Beef, Butchers, and Butter

One of the very nicest things about life is the way we must regularly stop whatever it is we are doing and devote our attention to eating. ~Luciano Pavarotti

So next on our list: Beef Wellington.  Beef Wellington, like most entrees with surnames in their titles, has a back story.  The dish got its name from the Duke of Wellington who earned the honor by sending word of Napoleon’s defeat at Waterloo. The French had created the dish and called it “filet de boef en crote”. The Duke apparently loved it and the English wanted to spite that silly French “emperor”…so the name got changed.

So basically Beef Wellington is the original “freedom fries”.

I used the recipe from The Joy of Cooking (Scribner, 2006 edition).  Classic recipe = classic cookbook.  And there is NOTHING more classic than TJOC….in fact, it’s going to require its own post.  Stand by.

Back to the beef.  There are basically four big ingredients: 1. the beef; 2. the puff pastry; 3. the pate or foie gras; 4.  something called “duxelles”.  I’ve pronouncing this like “duck’s L’s” which I think is pretty close.  No doubt the French would still pretend they couldn’t understand me….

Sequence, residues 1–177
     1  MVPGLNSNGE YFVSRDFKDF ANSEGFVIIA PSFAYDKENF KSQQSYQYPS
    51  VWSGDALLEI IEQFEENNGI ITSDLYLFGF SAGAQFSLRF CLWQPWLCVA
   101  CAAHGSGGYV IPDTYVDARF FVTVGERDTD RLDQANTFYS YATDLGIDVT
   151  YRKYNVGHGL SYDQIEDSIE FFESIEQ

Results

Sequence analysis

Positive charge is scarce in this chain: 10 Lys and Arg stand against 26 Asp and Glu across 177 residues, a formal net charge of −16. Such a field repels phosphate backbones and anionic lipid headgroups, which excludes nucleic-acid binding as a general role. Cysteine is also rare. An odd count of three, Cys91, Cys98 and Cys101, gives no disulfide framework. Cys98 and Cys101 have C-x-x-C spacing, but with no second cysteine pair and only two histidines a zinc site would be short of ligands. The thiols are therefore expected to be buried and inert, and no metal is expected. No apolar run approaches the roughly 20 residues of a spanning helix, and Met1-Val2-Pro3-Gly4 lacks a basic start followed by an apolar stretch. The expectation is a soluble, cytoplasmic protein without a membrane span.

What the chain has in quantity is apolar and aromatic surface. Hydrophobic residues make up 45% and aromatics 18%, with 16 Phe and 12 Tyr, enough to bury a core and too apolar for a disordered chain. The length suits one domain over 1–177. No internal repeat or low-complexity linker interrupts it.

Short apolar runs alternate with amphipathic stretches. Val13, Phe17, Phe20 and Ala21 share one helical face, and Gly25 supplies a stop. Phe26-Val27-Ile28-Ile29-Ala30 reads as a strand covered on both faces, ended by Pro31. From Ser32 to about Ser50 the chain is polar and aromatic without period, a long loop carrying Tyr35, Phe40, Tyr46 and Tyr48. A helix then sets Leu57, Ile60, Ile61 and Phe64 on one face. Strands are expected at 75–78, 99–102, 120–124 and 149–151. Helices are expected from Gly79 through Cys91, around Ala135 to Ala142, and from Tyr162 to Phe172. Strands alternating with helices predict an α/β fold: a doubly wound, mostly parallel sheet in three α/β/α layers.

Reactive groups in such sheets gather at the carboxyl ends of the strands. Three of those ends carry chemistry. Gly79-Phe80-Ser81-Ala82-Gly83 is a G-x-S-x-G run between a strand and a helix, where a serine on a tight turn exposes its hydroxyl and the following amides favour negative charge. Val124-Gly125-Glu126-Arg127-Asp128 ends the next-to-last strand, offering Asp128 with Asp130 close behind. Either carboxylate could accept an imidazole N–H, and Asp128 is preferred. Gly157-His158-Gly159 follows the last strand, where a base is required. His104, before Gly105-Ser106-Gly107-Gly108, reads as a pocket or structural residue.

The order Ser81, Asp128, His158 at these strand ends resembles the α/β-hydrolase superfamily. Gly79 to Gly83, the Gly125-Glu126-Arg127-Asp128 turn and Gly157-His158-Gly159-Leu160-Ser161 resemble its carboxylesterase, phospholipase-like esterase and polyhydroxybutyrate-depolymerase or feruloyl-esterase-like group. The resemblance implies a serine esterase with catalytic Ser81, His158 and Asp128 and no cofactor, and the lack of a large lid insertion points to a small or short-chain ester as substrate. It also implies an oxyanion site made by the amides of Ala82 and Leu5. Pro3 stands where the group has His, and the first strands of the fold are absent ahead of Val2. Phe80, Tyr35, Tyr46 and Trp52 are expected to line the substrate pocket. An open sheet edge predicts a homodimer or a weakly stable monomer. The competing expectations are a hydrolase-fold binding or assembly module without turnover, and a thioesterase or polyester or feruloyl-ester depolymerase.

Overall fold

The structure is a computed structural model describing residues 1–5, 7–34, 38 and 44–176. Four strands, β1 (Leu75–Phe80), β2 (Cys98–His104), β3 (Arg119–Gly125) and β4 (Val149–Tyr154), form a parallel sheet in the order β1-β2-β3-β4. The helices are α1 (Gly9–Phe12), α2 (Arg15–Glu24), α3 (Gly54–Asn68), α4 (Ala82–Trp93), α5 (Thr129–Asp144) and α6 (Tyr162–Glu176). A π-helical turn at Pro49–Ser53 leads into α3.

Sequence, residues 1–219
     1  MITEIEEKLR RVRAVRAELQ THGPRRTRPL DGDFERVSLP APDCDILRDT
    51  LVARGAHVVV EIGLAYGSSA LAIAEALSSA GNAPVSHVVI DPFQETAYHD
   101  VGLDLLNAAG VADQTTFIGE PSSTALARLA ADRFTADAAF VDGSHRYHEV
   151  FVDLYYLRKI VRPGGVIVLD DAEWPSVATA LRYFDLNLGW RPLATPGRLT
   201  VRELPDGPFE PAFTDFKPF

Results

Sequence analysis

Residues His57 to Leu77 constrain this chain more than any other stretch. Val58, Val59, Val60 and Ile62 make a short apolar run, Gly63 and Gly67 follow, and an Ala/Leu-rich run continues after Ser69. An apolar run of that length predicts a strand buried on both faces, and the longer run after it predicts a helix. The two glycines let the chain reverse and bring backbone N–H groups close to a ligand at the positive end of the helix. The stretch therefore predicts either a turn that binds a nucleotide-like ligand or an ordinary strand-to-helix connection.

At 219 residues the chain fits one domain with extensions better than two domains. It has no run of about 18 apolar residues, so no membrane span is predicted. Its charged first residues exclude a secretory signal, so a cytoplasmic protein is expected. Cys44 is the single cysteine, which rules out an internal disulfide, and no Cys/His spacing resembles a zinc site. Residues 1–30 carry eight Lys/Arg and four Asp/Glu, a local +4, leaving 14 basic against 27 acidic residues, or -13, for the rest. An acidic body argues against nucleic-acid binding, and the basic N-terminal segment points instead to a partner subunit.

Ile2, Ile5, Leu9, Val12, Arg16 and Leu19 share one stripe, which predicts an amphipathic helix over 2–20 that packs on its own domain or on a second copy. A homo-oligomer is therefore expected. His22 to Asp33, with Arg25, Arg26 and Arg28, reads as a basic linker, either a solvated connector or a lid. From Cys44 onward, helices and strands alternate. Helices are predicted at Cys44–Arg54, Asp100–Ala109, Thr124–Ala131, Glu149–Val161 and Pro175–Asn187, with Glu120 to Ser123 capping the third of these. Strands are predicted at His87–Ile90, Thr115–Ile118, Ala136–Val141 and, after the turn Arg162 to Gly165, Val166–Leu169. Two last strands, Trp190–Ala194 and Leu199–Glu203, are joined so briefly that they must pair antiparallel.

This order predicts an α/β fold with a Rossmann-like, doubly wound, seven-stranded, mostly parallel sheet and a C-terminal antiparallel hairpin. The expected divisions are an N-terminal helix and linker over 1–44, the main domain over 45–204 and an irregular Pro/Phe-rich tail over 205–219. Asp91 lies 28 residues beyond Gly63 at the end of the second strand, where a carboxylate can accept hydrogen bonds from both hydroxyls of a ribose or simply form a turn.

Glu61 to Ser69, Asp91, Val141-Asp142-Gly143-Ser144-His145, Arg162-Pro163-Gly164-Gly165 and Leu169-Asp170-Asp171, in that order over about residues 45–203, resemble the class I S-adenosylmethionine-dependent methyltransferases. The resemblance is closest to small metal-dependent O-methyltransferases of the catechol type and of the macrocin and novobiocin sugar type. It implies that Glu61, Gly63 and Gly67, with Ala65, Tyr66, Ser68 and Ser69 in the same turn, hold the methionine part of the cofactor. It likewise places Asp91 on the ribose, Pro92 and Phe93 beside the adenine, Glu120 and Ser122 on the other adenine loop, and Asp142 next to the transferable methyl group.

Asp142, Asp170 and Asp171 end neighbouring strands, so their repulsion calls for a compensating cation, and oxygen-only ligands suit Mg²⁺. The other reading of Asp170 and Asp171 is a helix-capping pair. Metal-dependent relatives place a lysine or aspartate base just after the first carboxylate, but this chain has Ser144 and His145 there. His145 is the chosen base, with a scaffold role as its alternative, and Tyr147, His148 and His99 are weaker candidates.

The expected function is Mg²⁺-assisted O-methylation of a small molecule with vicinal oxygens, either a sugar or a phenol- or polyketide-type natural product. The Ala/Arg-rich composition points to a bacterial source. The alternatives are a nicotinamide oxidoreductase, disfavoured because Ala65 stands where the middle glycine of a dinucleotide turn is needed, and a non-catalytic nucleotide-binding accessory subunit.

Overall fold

First: buying the ingredients.  Most recipes call for a fillet of beef.  So basically a really big (eg. 3 lbs) filet mignon.  Which, I discovered, you have to pre-order and may have required pawning some of my personal belongings.  So- I chatted up the butcher at our local grocery store and asked for a substitute…he gave me a well marbled bottom roast tender enough to cook in the oven.  A 3 1/2 pound roast was about $13.  WIN.

Sidenote: I attempted to befriend the men working at the meat counter…I think they may be invaluable to this project.  They, in turn, demanded that I report back on the outcome of the Beef Wellington. DEAL.

Beef, shallots, Madiera, Mushrooms, and Pate. Mmmm.....

I also had to ask for help finding some sort of liver/pate/foie gras.  This deeply concerned the assistant manager….but HUZZAH!! They had it!  For future reference: the canned meat section is home to this treasure.  Also for future reference, I will try to avoid using the phrase “canned meat”.